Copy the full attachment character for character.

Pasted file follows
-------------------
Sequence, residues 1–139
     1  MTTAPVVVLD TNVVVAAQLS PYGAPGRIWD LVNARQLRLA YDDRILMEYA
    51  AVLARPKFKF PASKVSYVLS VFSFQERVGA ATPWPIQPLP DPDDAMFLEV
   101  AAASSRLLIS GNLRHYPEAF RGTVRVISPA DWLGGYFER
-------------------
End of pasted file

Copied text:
Sequence, residues 1–139
     1  MTTAPVVVLD TNVVVAAQLS PYGAPGRIWD LVNARQLRLA YDDRILMEYA
    51  AVLARPKFKF PASKVSYVLS VFSFQERVGA ATPWPIQPLP DPDDAMFLEV
   101  AAASSRLLIS GNLRHYPEAF RGTVRVISPA DWLGGYFER